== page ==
Lawsuit accuses Facebook of scheming to weasel out of paying overtime
Facebook is being hit with a proposed class-action federal lawsuit alleging that the social-networking company purposely misclassifies employees to exempt them from overtime pay.
The suit (PDF) was brought Friday by a former salaried client solutions manager from Facebook's office in Chicago. The woman, Susie Bigger, alleges that she and countless other Facebook workers are illegally classified as managers as part of "defendant’s scheme to deprive them of overtime compensation.”
The suit notes a "systematic, companywide wrongful classification" system for Client Solutions Managers, Customer Solutions Managers, Customer Account Managers, "or other similarly titled positions."
According to the lawsuit, the primary duties of these various classifications is nearly identical. Their duties "involve communicating with existing Facebook advertising customers, implementing their marketing plans, and selling Facebook marketing products and services to existing customers." The suit says a "large percentage" of their compensation comes from "commissions from the sale of Facebook's marketing products."
The suit claims these positions, called "CSMs", don't constitute management jobs. Management positions lawfully enable companies to withhold overtime pay, which is one and one-half times regular pay—after an employee works 40 hours in a week.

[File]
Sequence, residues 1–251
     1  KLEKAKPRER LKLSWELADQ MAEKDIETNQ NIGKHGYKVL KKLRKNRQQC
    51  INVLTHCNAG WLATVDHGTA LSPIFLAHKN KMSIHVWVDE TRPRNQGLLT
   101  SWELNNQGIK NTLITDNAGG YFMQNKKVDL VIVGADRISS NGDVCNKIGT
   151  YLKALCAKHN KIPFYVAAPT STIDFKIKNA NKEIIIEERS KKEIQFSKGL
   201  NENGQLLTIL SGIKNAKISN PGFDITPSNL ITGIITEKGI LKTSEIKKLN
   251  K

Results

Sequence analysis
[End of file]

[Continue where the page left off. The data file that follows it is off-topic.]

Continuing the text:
"CSMs do not perform duties related to the management or general business operations of Facebook. Rather, CSMs’ duties constitute the principal production activity of Facebook as a social media and marketing platform," according to the suit. "CSMs' primary duties do not involve the exercise of discretion or independent judgment with respect to matters of significance."
The suit seeks back pay, damages, interest, and attorneys fees for an untold number of Facebook employees.
Facebook said in an e-mail to Ars that "this lawsuit is without merit and we will defend ourselves vigorously." Facebook reports earnings next week. It's expected to record earnings of $1.29 per share on $9.88 billion in revenue for the latest quarter.